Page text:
[TV segment #0002 Producer: Karen Owoc
With the advent of the raw food culture, is it healthier to eat your vegetables raw rather than cooked? Take a look…
Expanded transcript… I’m often asked if it’s healthier to eat vegetables raw. Some people think cooking destroys valuable enzymes, vitamins and minerals. But cooking has a purpose. It breaks down the insoluble fiber which softens the vegetables so they’re edible. And as it turns out, raw vegetables are not always healthier than cooked. Here’s why….
The Upside of Cooked
According to a study, people who followed a strict raw food diet had low levels of the antioxidant lycopene. Lycopene is a bright red pigment found largely in tomatoes. Lycopene can also be found in other red fruits and vegetables, such as carrots, red bell peppers, watermelon, and papaya. Diets rich in tomatoes have been shown to lower the risk of cancer, heart disease, and macular degeneration which causes blindness.
Cooking lycopene-rich vegetables actually increases their lycopene content. Why is this? The heat breaks down the plants’ thick cell walls. This releases some of the nutrients that are bound to these surfaces.
In carrots, cooking increases their beta-carotene levels. The body converts beta-carotene into vitamin A, which helps to keep your eyes, bones, skin and immune system healthy. Another study concluded that cooking increased the antioxidant content in carrots, zucchini and broccoli. This is probably due to the softening.
When cooked, some vegetables from the cabbage family, also known as cruciferous vegetables, such as broccoli, cauliflower, cabbage, and Brussel sprouts, form a plant-based compound called indole (IN-dole). According to research, indole helps kill precancerous cells before they become malignant.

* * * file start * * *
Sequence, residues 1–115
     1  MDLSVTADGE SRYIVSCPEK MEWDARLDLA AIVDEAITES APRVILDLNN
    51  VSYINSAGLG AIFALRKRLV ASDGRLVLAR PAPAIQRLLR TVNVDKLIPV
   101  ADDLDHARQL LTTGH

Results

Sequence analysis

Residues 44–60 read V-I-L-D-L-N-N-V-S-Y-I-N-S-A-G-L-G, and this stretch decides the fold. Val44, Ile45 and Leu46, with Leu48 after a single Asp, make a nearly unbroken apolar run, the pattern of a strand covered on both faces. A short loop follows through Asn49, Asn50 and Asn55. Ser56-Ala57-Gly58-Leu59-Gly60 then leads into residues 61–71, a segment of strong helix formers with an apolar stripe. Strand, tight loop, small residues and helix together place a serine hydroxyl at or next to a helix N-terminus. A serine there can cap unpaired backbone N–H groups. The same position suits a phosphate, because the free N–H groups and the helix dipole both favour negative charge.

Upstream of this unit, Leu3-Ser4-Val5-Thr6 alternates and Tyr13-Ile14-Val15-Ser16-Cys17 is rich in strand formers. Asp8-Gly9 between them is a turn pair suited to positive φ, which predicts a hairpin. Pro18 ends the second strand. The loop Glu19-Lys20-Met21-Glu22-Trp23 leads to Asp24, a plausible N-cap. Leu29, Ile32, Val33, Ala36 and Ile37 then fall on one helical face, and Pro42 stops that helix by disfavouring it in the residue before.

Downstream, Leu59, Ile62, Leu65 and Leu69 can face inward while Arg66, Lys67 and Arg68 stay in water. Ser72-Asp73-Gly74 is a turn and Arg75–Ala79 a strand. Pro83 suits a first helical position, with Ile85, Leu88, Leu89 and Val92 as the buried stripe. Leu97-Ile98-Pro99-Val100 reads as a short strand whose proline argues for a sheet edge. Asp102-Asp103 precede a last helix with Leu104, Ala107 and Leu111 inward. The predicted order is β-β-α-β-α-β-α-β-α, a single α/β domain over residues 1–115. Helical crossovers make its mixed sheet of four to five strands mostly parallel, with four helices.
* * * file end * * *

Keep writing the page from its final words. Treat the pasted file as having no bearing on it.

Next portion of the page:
And when it comes to cooking vegetables, steaming is best as it preserves antioxidants and water-soluble vitamins.
The Upside of Raw
Raw vegetables retain their vitamin C content. However, there are more fruits and vegetables that contain vitamin C than lycopene, such as pineapple, oranges, and kiwi, so eating cooked tomatoes is well-worth the partial loss of the C.
Also, cruciferous vegetables, which are so healthy when cooked, contain sulfur-containing compounds called sulforaphanes (sul·fo·RAF·anes). Sulforaphanes may help prevent cancer but are available in the vegetable’s raw state. Cooking, especially boiling and microwaving these vegetables at high power, decreases the bioavailability of sulforaphanes and are best if you eat them raw.
Another study found that polyphenols, a group of antioxidant chemicals found in raw carrots, are completely lost in the cooking process. While on the other hand (as mentioned above), the antioxidants in carrots are gained and the vitamin A levels are increased when cooked.)
The bottom line is…some veggies are best if you eat them raw while at the same time, they’re also best if you eat them cooked. Eating a diet that includes a combination of both raw and cooked is healthiest. Experiment with preparing and serving them in new ways because if they taste good to you, you’ll eat more of them!
Fit Tip: Include 1 ½ tablespoons of lycopene-rich tomato sauce in your daily diet. That’s just 10 Tbsp. a week or just over ½ cup of sauce on your pasta. Tomato sauces and pastes are concentrated forms of tomatoes and contain lots of lycopene!